Darnell, K(athryn) L(ynne) 1955-

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DARNELL, K(athryn) L(ynne) 1955-


Born November 23, 1955, in Detroit, MI; daughter of John Calvin (a retired security guard) and Olive Darnell; married Raoul Mitts, February, 1986; children: Lydia Darnell Mitts. Education: University of Michigan School of Art and Design, B.F.A., 1978. Hobbies and other interests: Reading, music ("I'm a closet clarinetist"), gardening.


Office 210 Abbott Rd., Studio 40, East Lansing, MI 48823. E-mail [email protected].


Artist, illustrator, and calligrapher, 1981. Part-time faculty member, Lansing Community College, 1981. Designer of type fonts for computers; lecturer in elementary schools and at conferences.


Society of Children's Book Writers and Illustrators.



Devin Scillion, Fibblestax, Sleeping Bear Press (Chelsea, MI), 2000.

Kurt Hassler, Hannah and the Homunculus, Sleeping Bear Press (Chelsea, MI), 2001.

Kathy-Jo Wargin, Michigan Reader, Sleeping Bear Press (Chelsea, MI), 2001.

Alice Ann Miller, Treasures of the Heart, Sleeping Bear Press (Chelsea, MI), 2003.

Tom Lewis, My Piggy Bank, Sleeping Bear Press (Chelsea, MI), 2003.

Work in Progress

Writing and illustrating Marigold, a picture book.


K. L. Darnell told SATA: "I have always drawn pictures. My mother put crayons and paper on the highchair tray when I was tiny, and when I was old enough not to eat them if she turned her back, I was on my own. Even now, after over twenty years of doing what I do, the fact that I can make my living doing what I love best continually surprises me. Even if the task at hand is drawing the bottom of a foot or a simple bag of rice, I just love the process of making a picture.

"I draw every day. My studio is about two miles away from my house and I try to bicycle in every morning at the same time everyone else is going to work or school. Unless I am teaching a class or giving a presentation in a school, I work a full day there. Since I am both an illustrator and a calligrapher, there is variety, often with me working on several projects during the day.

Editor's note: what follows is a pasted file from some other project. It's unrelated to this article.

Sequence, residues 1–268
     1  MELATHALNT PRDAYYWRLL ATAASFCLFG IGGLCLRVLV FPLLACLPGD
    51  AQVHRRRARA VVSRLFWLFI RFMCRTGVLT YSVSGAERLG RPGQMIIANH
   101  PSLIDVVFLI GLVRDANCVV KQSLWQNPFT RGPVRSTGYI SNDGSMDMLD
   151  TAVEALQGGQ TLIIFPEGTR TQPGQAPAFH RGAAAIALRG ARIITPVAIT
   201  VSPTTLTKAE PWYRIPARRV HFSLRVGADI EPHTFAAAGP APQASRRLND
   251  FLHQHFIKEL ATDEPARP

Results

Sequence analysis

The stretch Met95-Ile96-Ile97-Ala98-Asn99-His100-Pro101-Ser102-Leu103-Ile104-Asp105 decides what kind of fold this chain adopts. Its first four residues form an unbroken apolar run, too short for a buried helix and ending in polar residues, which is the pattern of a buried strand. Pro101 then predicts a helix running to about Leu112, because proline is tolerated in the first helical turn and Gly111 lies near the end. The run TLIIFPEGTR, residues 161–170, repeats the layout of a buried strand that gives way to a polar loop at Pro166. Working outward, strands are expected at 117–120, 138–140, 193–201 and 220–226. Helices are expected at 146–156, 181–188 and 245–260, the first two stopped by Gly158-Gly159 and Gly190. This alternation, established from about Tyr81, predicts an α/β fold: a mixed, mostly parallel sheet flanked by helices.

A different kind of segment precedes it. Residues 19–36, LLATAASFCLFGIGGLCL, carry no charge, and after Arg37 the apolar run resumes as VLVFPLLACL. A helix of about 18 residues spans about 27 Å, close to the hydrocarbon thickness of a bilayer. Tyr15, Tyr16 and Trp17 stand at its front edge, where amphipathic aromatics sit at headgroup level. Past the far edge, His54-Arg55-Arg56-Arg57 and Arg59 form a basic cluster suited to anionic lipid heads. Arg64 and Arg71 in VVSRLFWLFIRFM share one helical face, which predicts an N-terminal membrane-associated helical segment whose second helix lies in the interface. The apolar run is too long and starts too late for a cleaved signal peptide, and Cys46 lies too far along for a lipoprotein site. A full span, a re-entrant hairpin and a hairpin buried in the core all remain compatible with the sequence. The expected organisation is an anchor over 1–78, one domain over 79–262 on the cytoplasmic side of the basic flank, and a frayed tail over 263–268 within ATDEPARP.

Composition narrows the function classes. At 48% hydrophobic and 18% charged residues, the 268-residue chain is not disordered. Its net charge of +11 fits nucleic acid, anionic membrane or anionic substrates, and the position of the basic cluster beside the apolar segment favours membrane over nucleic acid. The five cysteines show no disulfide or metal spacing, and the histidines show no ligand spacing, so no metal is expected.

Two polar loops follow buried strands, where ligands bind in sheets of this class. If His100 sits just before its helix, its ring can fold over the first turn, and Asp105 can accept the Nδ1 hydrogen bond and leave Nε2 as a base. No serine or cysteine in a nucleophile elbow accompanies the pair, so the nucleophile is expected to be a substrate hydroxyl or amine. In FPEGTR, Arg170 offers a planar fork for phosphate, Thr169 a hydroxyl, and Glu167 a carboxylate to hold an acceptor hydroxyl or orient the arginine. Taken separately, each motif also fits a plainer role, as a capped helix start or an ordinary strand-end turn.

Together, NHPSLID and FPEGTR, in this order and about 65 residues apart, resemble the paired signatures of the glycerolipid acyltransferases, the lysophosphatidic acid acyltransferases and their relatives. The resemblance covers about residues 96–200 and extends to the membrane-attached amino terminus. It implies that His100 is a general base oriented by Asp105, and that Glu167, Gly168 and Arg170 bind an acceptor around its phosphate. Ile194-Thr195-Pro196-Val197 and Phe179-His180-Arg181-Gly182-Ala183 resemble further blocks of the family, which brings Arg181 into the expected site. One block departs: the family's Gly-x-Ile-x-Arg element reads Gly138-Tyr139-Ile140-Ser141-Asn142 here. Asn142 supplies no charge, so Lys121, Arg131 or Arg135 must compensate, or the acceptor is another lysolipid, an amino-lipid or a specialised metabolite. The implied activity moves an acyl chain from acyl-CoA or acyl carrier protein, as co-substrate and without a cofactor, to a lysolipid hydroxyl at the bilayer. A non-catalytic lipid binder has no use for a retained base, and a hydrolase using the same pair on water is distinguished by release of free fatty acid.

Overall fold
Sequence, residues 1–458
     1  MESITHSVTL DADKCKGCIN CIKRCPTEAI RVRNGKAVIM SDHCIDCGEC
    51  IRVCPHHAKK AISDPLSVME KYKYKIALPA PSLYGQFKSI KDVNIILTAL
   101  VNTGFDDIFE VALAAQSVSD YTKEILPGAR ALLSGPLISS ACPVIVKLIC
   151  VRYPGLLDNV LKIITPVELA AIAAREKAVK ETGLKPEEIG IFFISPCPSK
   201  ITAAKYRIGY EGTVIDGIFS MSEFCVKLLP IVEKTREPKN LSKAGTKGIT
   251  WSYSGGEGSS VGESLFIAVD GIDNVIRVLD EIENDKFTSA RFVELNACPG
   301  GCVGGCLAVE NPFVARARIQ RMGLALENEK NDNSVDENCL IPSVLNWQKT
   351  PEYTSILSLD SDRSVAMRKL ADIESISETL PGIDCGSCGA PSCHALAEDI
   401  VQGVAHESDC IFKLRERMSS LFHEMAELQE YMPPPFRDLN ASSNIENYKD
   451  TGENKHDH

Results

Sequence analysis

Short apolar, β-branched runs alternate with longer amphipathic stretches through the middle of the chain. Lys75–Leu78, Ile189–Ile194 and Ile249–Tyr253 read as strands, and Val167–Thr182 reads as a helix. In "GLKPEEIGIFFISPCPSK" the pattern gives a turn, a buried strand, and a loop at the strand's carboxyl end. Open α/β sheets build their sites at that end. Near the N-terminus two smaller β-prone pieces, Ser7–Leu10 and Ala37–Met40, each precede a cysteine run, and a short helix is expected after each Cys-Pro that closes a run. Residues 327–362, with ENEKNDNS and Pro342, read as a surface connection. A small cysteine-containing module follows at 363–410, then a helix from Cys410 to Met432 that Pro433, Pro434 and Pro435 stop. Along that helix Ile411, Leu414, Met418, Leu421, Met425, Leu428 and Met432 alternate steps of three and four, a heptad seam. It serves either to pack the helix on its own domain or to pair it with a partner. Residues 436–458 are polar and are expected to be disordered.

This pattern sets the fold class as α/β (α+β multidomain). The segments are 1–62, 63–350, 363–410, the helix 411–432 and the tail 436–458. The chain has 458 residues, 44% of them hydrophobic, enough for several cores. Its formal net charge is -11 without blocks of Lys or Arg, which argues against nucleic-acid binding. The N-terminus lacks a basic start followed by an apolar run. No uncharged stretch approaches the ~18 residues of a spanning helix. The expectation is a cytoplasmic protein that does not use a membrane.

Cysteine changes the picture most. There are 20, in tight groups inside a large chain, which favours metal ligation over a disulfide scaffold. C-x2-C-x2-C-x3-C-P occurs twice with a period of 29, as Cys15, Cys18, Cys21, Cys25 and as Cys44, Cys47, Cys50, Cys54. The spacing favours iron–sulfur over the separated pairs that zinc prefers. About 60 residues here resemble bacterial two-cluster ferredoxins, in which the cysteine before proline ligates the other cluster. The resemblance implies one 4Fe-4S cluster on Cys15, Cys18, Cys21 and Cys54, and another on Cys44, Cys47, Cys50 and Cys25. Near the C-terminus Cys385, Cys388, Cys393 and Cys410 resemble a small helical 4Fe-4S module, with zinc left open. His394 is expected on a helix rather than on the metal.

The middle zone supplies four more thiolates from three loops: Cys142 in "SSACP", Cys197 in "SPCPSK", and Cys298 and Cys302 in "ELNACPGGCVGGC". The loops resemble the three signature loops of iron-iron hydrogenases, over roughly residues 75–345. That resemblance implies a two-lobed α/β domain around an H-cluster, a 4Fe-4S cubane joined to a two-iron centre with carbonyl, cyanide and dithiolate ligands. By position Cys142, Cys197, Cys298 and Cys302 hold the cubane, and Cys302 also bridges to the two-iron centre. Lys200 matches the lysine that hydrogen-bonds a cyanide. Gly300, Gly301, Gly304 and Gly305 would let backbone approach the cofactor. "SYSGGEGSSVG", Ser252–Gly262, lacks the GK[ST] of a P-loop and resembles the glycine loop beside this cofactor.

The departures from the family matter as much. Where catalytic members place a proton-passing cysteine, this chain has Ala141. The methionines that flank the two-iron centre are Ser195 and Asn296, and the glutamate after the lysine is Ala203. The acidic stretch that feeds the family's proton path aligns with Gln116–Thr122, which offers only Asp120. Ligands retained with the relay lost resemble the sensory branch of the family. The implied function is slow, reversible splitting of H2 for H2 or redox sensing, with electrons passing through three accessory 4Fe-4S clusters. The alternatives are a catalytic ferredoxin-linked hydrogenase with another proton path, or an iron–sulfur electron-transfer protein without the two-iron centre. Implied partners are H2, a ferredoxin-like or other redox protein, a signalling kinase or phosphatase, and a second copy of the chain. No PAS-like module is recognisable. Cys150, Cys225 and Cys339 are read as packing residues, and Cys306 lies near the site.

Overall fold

"I do not believe in waiting for a muse to bring me inspiration for my work. Work is my muse. By starting to draw, I can see what is possible, what works, what does not and what might. I think creativity is often a conversation with the thing you are trying to create, and if you don't begin it, nothing can happen.

"When I am illustrating for children, I like to imagine, not just the story told by the author, but the other things that might also be happening along side the plot. I try to include details that could tell their own storysomething a child can find the second or tenth time they open the book. I take my work for children very seriously, as I still remember how critical I was, as a child, of a picture I thought was poorly rendered or inconsistent with the story.

"If I were to give one piece of advice to an aspiring young artist, I would tell them to draw. Draw everything, anything and every day. It is how they will shape both how they see their world (there is nothing like drawing for making you look at a thing closelyto see it completely) and how they will express it to the world."

Biographical and Critical Sources


School Library Journal, August, 2003, Judith Constantinides, review of Treasures of the Heart, p. 139.